Test your knowledge!
Whether you’re a physiotherapist, general practitioner or orthopedic surgeon: a lot of us have seen this before in their practice. A typical knee problem, most of the times resulting from an underlying pathology. What is the relationship between these 4 pictures? What do you see in the images on top? What are possible causes for this problem? And what do you see in the picture bottom right? The answer can be found low the picture!
The right answer was: a Baker's Cyst or popliteal cyst.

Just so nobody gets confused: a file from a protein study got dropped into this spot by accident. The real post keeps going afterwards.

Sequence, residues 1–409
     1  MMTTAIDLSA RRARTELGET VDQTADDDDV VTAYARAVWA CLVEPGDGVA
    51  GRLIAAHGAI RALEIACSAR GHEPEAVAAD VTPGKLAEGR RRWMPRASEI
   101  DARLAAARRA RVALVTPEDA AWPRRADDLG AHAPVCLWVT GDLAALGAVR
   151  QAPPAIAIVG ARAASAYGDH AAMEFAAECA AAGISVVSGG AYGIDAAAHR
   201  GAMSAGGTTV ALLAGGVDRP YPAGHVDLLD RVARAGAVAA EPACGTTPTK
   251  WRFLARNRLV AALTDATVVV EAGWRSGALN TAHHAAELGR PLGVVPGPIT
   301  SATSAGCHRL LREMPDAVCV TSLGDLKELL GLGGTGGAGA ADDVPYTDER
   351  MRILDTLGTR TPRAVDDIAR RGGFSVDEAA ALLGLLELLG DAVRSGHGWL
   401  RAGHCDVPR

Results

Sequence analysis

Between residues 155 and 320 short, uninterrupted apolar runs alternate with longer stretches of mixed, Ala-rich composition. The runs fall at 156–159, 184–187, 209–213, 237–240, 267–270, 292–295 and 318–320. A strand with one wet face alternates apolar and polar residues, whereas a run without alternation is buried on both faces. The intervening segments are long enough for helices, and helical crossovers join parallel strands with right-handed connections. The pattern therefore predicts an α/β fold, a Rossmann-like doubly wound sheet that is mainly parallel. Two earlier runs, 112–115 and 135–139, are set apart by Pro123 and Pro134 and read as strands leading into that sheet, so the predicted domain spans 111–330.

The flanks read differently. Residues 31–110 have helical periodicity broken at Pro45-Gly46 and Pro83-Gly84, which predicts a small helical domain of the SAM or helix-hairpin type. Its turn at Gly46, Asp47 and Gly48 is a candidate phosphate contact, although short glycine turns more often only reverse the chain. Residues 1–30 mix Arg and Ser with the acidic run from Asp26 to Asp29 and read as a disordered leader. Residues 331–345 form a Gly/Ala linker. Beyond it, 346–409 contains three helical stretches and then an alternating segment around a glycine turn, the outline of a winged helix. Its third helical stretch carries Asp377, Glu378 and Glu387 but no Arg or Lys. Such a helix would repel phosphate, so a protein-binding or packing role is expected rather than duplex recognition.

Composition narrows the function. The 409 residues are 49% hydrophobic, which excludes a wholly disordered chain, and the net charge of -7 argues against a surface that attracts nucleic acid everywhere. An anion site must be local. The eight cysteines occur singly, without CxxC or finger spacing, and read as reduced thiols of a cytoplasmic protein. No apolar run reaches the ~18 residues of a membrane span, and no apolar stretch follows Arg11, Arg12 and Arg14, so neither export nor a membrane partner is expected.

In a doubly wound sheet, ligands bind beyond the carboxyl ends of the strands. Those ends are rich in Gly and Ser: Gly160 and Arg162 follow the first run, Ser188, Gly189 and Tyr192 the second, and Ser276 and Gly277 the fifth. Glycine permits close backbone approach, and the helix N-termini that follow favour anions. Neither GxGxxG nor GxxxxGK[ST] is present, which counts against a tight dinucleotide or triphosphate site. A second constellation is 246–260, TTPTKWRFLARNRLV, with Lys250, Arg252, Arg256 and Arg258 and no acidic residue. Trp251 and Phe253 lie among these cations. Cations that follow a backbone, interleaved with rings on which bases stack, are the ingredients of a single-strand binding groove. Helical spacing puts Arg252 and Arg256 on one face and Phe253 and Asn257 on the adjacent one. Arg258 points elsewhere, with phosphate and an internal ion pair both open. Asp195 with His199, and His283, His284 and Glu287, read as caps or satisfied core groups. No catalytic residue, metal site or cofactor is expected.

A Baker's cyst consists of joint fluid which bulges into the popliteal fossa. Most of the times, this process is a result from hydrops in the knee joint. Through a passage between this cyst and the knee joint capsule intra-articular fluid can pass and when pressure is built up, the joint fluid bulges into this recess. Meniscal tears are one of the main causes of accumulated intra-articular fluid. Musculoskeletal ultrasonography is a useful tool to examine the popliteal fossa; in the picture you can see a Baker's cyst (black oval structure). For the fanatics: can you recognize the vertical meniscal tear? - In this case the Baker's cyst is probably caused by a meniscal tear.